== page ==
Friday, 23 October 2009


"The way I tell the difference between you and your brother is that one of you knows how to end his sermons...!"

With those remarks a young lady tried to make conversation with Peter, soon after we'd arrived in Grenada. But then she stopped and beat a hasty retreat as she realised she was digging a hole for herself by implying that that the other of us didn't know how to conclude his sermons. To this day, over fifty years later, neither of us knows to whom she was referring. Each of us is convinced it was his brother!

That's just one of many examples of the confusion we identical twins can cause. Then there was the occasion when I returned to Grenada after an absence of twenty five years. As we stood in the market place someone came up to us, took a hard look at me, and exclaimed, "What the hell is that!" "THAT" turned out to be me. I was also known as, "Peter again" and even, "Peter squared." Today, "Rounded" would be more accurate.

Then there was the time when Peter was examined twice for acceptance into the Dominican noviciate, and I nearly missed being interviewed. If we hadn't pointed out the mistake what would have happened if in one interview Peter had been accepted and the other rejected? And what would have happened to me? We're still wondering.

Sometimes we can use the confusion we twins create to our advantage. Such was the case when, as Dominican students, we played for the priory cricket team. Peter, who was right handed, would bowl off-breaks from one end, while I, who was left handed, would bowl leg-breaks from the other end. The poor batsmen were not only confused by the different directions in which the ball moved, but also by the similarity of the bowlers.

But there can be disadvantages in identical twins being confused. If, as happened for a short while in Grenada, we were working in the same parish I wouldn't recognise some of his friends, and he would sometimes fail to greet some of mine. Naturally they were hurt by our ignoring them.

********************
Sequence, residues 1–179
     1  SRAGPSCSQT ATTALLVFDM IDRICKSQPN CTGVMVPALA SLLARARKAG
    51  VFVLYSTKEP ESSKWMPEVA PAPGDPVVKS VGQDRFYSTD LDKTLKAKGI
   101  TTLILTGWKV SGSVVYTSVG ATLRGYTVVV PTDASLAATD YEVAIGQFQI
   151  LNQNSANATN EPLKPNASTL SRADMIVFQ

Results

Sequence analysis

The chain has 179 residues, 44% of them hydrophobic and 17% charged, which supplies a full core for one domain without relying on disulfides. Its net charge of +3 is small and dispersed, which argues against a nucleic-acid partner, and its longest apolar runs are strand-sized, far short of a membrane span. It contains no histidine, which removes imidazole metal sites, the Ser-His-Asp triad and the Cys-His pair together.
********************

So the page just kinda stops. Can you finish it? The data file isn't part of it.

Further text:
And there's the constant danger of twins being lumped together and of each of us having to struggle to assert his individuality. Although we have so much in common, especially our Dominican vocation, we do sometimes disagree -hopefully constructively. That means we are able to work together on joint projects, such as this blog, and bounce ideas off each other. We've found the speed of emails enables us to offer instant suggestions and criticisms. We can, and have been, pretty ruthless with each other!

Being separated by the Atlantic for nearly fifty years has enabled each of us to develop his own separate identity. That has been good for us, even though we do miss each other, and it's great when every few years we are able to see each other for a short while. For us it's not true to say that twins are inseparable.

Being a twin, who is sometimes confused with his brother, made me grateful that God is able to tell us apart. Jesus has told us that he knows each of his sheep by name. Not one of them loses its identity or individuality in the vastness of the human flock. Hopefully, in different ways, each of us responds to his master's voice and follows him. So, in a special way, we identical twins reflect unity in diversity. We rejoice in what we have in common, as well as what distinguishes us.

But what is most important is that God welcomes us for what we are -identical twins, each of us being unique. I thank God I'm able to meet him in being myself, not Peter. And he must meet God in being himself, not a replica of me. That's the way God welcomes each of us. And God loves each of you as an individual, who is not confused with anyone else. You, too, must seek and find God in being yourselves, not a clone of anyone else -even the greatest of saints.

As you may have gathered from earlier postings Peter works in the West Indies, while I now work in England. Since we live thousands of miles apart there's a time difference of four hours. That means that although Peter was born three hours before me I reach each of my birthdays four hours before he does. For a little while I'm older than him. Sadly I haven't yet found a way of taking advantage of my short-term seniority.

This time difference also means that as I meet God in one way while I'm tucked up in bed, Peter meets him in another way while he's still up and about. You never know, one of us may develop this approach to meeting God. Watch this space!

Isidore O.P.

Next week Peter will meet God in the Sound of Music

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